Tiffany's Epiphanies: Changing a Story Requires Changing Assumptions

We often get blocked by the assumptions we make: my company is too big to innovate; women don't support one another; men can't handle running a household. Next time you're trying to solve a tough problem ask yourself, what are the the stories I might be telling myself that could be supporting this gridlock? That is the first step to move past it.

Tiffany's Epiphanies: It's Okay to Receive Without Giving

Women are very comfortable giving and helping others. We are eager to support each other—whether at work or at home—but if we need help with certain tasks we are very hesitant to ask for help. Then, when someone does go the extra mile for us, we feel guilty that we haven't reciprocated. That's what happened to me at my latest airbnb stay (watch for the story). But I realized this: Generosity is like karma, it ebbs and flows. It's okay to receive without giving.

Tiffany's Epiphanies: Getting Worked Up Only Brings You Down

I always know when I'm overworked: I'm exhausted, my skin breaks out, my anxiety is high, and I am easily irritated—AKA I lash out at my nearest and dearest for no reason. Here's what I learned: Getting worked up only brings you down. Here's what helped: Taking stock of what was on my plate to see why I was spinning so ferociously. Watch for more on how I stopped this path to burnout.

Tiffany's Epiphanies: Purpose and a Paycheck Are Not Mutually Exclusive

There's a common misconception that to do good in the world you have to sacrifice a paycheck. It's simply not true. As someone who has worked in both the non-profit and for-profit sector, I know that you can create change in the world from the inside of corporate America. So when you're looking for your new job, don't limit yourself with arbitrary guidelines. Find the right job that aligns with your purpose.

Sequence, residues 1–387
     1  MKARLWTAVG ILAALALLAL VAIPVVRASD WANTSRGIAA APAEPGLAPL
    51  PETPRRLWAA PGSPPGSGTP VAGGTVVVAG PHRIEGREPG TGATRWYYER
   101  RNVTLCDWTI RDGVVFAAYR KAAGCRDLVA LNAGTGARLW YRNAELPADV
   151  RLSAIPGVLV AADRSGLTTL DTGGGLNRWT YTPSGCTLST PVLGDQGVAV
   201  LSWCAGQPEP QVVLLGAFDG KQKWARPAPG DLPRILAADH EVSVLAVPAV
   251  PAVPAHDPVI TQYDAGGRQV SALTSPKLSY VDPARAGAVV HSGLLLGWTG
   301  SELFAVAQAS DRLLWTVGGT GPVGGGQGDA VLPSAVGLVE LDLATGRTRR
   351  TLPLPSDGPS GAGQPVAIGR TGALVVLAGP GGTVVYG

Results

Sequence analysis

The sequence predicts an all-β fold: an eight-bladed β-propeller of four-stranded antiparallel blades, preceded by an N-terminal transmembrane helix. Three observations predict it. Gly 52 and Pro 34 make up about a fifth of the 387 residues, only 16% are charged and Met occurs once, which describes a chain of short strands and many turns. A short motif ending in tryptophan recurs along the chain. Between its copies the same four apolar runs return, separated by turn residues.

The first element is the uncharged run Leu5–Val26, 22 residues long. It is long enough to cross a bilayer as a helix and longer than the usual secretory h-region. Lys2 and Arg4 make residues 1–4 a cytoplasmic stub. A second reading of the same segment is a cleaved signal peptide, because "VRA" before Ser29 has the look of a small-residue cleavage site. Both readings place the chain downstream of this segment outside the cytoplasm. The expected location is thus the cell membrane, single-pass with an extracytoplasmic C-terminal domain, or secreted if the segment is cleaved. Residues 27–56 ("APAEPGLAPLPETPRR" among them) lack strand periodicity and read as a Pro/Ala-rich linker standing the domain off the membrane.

Tiffany's Epiphanies: Over Compromising Can Backfire

On a work trip, against my better judgment, I accepted an offer to stay at a donor's house instead of a hotel. You need to watch to understand why this was the worst idea ever (spoiler: it involves puppets). Unfortunately, women are socially conditioned to be accommodating, but what this experience taught me is that it's possible to take graciousness too far. The next time you find yourself in a workplace situation where you feel like conceding will cost you too much, don't do it.

Tiffany's Epiphanies: Clues You Should Be a Professional Public Speaker

Besides being an author and an entrepreneur, I am a professional public speaker. I’m often asked by others contemplating the same path: How do I know if I have the potential to be a professional public speaker? Here’s what I ask them: When you give talks do people respond emotionally? Do people already invite you to speak, but they're unpaid? If you said yes to both, you can definitely turn your passion into a profession. Here's how to do it.

Tiffany's Epiphanies: How to Work a Party When You're an Introvert

Working a party or a networking event can make most people want to break out in hives. As someone who's an introvert, I have also struggled with the format of awkward networking events. Here's what I do to get past it: I ask a set of questions to get people talking in a more natural way. Find out what they are and how to make them your own!

Tiffany's Epiphanies: Know Your Anchoring Point

In her bestselling book Becoming, Michelle Obama shares a story about receiving piano lessons from her Auntie Robbie: "Middle C is the anchoring point, the territorial line between the right hand and the left hand. If you could lay your thumb on Middle C, everything else fell into place."

That passage struck a chord with me. Life is easier when you know your anchoring point. For women who are overwhelmed by the pursuit of excellence it can feel daunting to be the perfect worker, wife, friend, mother. When you can figure out what matters most to you, that becomes your anchoring point, or your Middle C.

Tiffany's Epiphanies: Women Need Partners Who Revel in Their Ambition

I have been married 21 years, and I can still pinpoint the moment that made my heart swoon: It's when my husband left me a note that said, "You would make me proud in the eyes of all my village men." It wasn't the dinners I made him or what I did around the house that inspired this note; it was him watching me work hard to reach my professional and personal goals. To be successful, a woman needs a partner who is also a partner at home. We were never meant to Lean In alone.